A Comparison Of Dna Methylation Between Infants Delivered Vaginally And By Caesarian Section

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Module: Molecular micriobiology and epigenetics Dr. Tina Kyndt 19/04/2015 Dries Godderis Faculteit Bio-Ingenieurswetenschappen UGent – Coupure Links 653 – 9000 Gent Paper epigenetics A comparison of DNA-methylation between infants delivered vaginally and by caesarian section 1 Introduction This paper, written for the course ‘Molecular microbiology and epigenetics’ is a summary of two existing articles: ‘Epigenetic modulation at birth - altered DNA-methylation in white blood cells after Caesarean section’ (Schlinzing et al., 2009) and ‘Caesarean delivery and hematopoietic stem cells epigenetics in the newborn infant: implications for future health?’ (Almgren et al., 2014). The objective is to review some possible implications on the health…show more content…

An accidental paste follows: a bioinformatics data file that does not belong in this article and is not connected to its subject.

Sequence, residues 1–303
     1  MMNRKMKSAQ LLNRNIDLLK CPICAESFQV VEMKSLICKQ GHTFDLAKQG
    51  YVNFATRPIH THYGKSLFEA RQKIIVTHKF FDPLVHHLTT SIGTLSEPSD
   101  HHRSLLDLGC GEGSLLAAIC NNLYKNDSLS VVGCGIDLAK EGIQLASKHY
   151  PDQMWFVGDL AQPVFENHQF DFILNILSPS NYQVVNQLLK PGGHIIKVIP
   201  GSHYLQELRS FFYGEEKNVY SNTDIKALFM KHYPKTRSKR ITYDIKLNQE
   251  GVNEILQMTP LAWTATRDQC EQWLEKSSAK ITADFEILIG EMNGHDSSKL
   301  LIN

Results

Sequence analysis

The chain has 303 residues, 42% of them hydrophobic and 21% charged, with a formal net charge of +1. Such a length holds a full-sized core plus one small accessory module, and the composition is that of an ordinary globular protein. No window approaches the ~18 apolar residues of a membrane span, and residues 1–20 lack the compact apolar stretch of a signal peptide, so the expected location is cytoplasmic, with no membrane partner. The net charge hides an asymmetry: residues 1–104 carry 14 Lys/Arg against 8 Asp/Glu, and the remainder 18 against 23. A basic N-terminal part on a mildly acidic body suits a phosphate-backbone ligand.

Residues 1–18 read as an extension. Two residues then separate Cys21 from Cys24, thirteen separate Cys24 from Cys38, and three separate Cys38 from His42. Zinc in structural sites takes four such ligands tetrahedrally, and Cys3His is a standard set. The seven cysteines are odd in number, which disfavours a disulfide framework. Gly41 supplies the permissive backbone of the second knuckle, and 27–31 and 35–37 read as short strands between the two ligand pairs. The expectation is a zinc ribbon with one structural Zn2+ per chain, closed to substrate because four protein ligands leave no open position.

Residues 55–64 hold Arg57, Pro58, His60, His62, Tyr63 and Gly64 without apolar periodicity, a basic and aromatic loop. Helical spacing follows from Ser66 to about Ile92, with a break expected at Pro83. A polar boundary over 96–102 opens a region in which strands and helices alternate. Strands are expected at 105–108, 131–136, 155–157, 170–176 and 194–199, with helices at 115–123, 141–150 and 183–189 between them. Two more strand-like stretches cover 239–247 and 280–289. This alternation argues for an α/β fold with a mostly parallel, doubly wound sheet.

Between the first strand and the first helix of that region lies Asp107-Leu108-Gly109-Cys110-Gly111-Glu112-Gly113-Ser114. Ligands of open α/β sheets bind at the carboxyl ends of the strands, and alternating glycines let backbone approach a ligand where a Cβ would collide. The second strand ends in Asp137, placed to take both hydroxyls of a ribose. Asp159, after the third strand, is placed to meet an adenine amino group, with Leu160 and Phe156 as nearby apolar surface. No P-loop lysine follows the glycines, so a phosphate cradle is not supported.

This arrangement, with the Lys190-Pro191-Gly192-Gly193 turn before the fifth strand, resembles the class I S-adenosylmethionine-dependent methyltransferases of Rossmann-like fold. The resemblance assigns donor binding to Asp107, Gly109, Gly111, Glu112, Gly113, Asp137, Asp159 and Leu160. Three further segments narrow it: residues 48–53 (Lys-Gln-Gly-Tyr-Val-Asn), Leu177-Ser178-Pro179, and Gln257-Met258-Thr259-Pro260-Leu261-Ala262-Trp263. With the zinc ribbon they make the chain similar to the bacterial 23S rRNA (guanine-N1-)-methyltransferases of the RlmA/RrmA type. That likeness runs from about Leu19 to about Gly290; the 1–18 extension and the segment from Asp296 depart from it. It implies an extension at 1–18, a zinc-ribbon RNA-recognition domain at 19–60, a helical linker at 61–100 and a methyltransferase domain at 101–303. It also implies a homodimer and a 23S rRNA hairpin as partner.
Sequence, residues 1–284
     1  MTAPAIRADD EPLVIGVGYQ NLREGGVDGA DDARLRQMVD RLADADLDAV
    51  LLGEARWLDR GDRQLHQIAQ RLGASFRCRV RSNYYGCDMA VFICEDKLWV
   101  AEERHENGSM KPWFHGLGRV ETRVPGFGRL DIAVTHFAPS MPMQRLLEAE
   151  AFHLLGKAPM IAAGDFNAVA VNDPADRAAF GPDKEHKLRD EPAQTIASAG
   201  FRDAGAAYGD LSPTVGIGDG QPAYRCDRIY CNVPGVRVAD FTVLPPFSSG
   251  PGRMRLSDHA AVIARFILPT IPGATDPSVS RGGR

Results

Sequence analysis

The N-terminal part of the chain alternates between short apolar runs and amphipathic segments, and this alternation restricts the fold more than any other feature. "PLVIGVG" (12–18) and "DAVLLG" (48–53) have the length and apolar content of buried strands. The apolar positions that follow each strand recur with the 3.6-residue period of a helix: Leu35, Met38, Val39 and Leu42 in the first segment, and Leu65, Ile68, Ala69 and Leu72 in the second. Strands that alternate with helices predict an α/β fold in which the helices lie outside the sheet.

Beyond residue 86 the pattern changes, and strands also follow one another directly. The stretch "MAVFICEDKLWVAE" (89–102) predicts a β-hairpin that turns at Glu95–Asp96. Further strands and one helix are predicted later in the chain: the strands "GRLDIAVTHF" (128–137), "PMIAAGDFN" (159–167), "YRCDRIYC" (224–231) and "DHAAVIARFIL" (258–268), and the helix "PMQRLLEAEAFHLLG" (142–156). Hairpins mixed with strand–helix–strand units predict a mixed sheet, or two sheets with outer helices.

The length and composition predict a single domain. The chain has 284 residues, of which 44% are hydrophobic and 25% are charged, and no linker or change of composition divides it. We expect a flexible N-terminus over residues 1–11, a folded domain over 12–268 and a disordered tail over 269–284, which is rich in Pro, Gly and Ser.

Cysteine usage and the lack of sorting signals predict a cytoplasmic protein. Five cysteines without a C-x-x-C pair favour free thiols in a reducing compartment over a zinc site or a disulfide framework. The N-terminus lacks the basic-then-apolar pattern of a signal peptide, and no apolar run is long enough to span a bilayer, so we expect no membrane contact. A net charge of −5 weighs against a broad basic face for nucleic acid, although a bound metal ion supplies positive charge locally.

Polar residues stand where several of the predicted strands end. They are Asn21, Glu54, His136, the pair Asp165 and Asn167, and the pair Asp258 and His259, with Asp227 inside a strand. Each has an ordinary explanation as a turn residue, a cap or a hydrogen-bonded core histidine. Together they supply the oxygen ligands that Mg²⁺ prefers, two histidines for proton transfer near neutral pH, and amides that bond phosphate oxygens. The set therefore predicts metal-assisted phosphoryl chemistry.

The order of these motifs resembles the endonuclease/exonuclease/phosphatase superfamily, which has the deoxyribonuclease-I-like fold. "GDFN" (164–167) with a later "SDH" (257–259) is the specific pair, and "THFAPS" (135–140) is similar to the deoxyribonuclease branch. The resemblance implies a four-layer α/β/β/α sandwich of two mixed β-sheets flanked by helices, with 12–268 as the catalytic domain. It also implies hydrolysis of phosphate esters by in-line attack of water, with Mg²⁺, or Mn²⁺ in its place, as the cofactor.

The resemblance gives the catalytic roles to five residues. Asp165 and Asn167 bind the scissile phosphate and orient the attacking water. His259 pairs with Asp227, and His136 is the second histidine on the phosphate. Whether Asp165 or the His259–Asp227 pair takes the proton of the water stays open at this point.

This heightened risk is still unclear, although gut colonization, microbiome exposure, a lack of stress and immune-activating effects of labour, and epigenetic changes have been looked upon as the main cause (Almgren et al., 2014; Cho et al., 2013). Because of the relationship between these diseases and their immunological background, various epigenetic and non-epigenetic studies are being performed. The first article studied global DNAmethylation in leukocytes (Schlinzig et al., 2009) while the latter focused on CD34+ hematopoetic stem cells (Almgren et al., 2014) of newly born infants. Research setup In the first white blood cell study (Schlinzig et al., 2009), the blood of 37 healthy singleton babies was sampled. Exclusion criteria such as multiple pregnancies, smoking, chromosomal disorders or diabetes were sufficiently provided. This blood was collected through the umbilical cord directly after delivery. The DNA of the leukocytes was extracted through the use of specific kits. Afterwards, the DNA was quantified and a luminometric methylation assay was performed. This assay is based upon the digestion of genomic DNA with methylation sensitive and insensitive restriction enzymes, followed by a quantification of the resulting number of sites cut, by making use of a luminometric polymerase extension platform. 200-500ng DNA was cleaved with HpaII + EcoRI restriction enzymes in a
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